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Roger De Hoveden
The Annals vol.2., From A.D. 1180 To A.D. 1201.


Sir John Froissart's Chronicles of England, France, Spain and the Ajoining Countries from the latter part of the reign of Edward II to the coronation of Henry IV in 12 volumes 

Chronicles of Enguerrand De Monstrelet (Sir John Froissart's Chronicles continuation) in 13 volumes 

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Roger De Hoveden
The Annals vol.2., From A.D. 1180 To A.D. 1201.
page 17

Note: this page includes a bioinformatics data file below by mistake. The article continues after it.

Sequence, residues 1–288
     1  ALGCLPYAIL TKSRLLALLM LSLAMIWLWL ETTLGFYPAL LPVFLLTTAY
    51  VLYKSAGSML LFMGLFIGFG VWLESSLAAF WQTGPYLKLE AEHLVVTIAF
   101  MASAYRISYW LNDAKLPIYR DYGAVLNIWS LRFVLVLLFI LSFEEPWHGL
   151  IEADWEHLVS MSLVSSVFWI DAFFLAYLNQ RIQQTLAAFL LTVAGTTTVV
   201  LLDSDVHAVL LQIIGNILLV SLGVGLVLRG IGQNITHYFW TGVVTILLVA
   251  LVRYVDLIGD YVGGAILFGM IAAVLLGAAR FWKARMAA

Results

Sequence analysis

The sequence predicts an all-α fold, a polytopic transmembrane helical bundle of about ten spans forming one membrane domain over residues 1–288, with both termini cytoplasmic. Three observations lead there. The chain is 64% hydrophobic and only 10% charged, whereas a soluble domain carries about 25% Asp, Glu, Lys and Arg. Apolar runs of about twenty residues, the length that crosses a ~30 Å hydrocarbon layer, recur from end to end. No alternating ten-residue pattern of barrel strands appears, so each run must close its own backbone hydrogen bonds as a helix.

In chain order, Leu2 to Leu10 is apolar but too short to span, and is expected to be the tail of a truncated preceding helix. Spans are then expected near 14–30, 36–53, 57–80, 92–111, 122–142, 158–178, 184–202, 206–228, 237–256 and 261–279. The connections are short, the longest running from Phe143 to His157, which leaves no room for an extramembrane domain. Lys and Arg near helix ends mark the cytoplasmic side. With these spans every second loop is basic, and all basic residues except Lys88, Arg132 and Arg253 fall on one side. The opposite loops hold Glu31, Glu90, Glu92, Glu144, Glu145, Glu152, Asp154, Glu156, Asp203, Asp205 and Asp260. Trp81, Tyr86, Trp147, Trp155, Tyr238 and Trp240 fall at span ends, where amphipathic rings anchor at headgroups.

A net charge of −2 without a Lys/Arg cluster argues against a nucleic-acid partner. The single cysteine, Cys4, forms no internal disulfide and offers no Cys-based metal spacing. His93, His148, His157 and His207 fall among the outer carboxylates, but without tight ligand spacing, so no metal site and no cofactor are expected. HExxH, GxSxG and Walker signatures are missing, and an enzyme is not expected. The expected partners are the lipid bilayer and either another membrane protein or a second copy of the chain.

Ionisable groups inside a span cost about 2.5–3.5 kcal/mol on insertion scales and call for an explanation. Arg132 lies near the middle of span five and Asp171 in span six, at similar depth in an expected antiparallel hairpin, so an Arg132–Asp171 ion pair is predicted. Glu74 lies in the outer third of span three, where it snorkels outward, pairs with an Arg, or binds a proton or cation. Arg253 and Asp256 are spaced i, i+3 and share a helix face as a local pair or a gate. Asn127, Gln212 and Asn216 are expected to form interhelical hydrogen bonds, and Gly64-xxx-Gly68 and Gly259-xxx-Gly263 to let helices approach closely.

bishop of Glasgow, and our dearly beloved sons, Arnold, abbat of Melrose, Osbert, abbat of Kelso, and Walter, prior of Saint Columba of the Isle, after coming for the said purpose to the Apostolic See, have, by their declarations, made proof and shewn before us and our brethren that the sentence of excommunication pronounced by the said archbishop upon the king, and that of interdict upon his kingdom, and the sentence of excommunication pronounced by the said bishop upon certain persons of his kingdom, ought reasonably and upon numerous grounds to be set aside. Wherefore, paying due deference to the before-named king as our most dearly beloved son in Christ, we have, by the common consent of our brethren and with the Apostolic authority, remitted all the sentence which was pronounced by the before-named bishop2 3 for the cause before-mentioned, against him or his people, or his kingdom, and have enacted that he and his people shall not be held to be excommunicated, nor his kingdom to be under interdict, in consequence of our sentence above-written. Wherefore, we do by our precept, by these Apostolic writings, command the whole of you that you will in no way hesitate to treat with him as a Catholic king and as holding communion with the Apostolic See, but will rather in all things pay him the honor that is his due. For the more assured we feel of the sincerity of his duteousness to the churches and ecclesiastical persons of his realm, the more abundantly do we wish him to be honored in all things in which, with due respect to God, we can be honored. Given at Velletri,'this sixteenth day before the calends of April." In the same year, the king of England sent his envoys, namely, William de Mandeville, earl of Aumarle, and some other persons of his household, to Frederic, the emperor of the Bomans, in order that, if possible, they might avert his anger and displeasure from Henry, duke of Saxony. Although this could not be fully brought about, the emperor granted to all who had chosen to depart with him, leave to return to their country. In addition to this, the said emperor granted to Matilda, duchess of Saxony, in consideration of the love he bore to the king of England, her father, permission to remain at perfect liberty and under his protection, and to enjoy all her dowry freely and quietly ; and the emperor further agreed that, if she should prefer to go into exile with her lord, he M Rather " bishops," although the bishop elect alone was now surviving. It is singular that the bishop of Durham is not mentioned.

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